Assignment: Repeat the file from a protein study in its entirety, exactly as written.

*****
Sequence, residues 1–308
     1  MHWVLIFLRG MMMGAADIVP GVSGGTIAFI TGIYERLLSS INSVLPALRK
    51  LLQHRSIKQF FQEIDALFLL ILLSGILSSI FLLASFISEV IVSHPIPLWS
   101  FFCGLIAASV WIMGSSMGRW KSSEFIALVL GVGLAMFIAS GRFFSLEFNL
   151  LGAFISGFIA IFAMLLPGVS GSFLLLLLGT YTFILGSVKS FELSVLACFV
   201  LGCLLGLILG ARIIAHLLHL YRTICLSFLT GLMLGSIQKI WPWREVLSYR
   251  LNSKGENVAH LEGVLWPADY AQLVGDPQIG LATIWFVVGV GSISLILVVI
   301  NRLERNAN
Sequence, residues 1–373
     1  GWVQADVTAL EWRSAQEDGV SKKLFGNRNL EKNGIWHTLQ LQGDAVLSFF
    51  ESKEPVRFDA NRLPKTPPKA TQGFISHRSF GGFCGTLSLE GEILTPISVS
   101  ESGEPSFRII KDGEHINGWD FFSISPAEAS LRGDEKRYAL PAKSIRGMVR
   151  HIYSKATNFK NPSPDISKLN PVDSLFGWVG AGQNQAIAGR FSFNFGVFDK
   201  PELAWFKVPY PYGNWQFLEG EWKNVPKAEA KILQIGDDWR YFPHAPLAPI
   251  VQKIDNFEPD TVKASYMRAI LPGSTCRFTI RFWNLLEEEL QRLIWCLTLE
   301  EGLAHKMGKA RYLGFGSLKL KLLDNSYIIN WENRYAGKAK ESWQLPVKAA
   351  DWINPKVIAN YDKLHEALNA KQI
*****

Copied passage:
Sequence, residues 1–308
     1  MHWVLIFLRG MMMGAADIVP GVSGGTIAFI TGIYERLLSS INSVLPALRK
    51  LLQHRSIKQF FQEIDALFLL ILLSGILSSI FLLASFISEV IVSHPIPLWS
   101  FFCGLIAASV WIMGSSMGRW KSSEFIALVL GVGLAMFIAS GRFFSLEFNL
   151  LGAFISGFIA IFAMLLPGVS GSFLLLLLGT YTFILGSVKS FELSVLACFV
   201  LGCLLGLILG ARIIAHLLHL YRTICLSFLT GLMLGSIQKI WPWREVLSYR
   251  LNSKGENVAH LEGVLWPADY AQLVGDPQIG LATIWFVVGV GSISLILVVI
   301  NRLERNAN
Sequence, residues 1–373
     1  GWVQADVTAL EWRSAQEDGV SKKLFGNRNL EKNGIWHTLQ LQGDAVLSFF
    51  ESKEPVRFDA NRLPKTPPKA TQGFISHRSF GGFCGTLSLE GEILTPISVS
   101  ESGEPSFRII KDGEHINGWD FFSISPAEAS LRGDEKRYAL PAKSIRGMVR
   151  HIYSKATNFK NPSPDISKLN PVDSLFGWVG AGQNQAIAGR FSFNFGVFDK
   201  PELAWFKVPY PYGNWQFLEG EWKNVPKAEA KILQIGDDWR YFPHAPLAPI
   251  VQKIDNFEPD TVKASYMRAI LPGSTCRFTI RFWNLLEEEL QRLIWCLTLE
   301  EGLAHKMGKA RYLGFGSLKL KLLDNSYIIN WENRYAGKAK ESWQLPVKAA
   351  DWINPKVIAN YDKLHEALNA KQI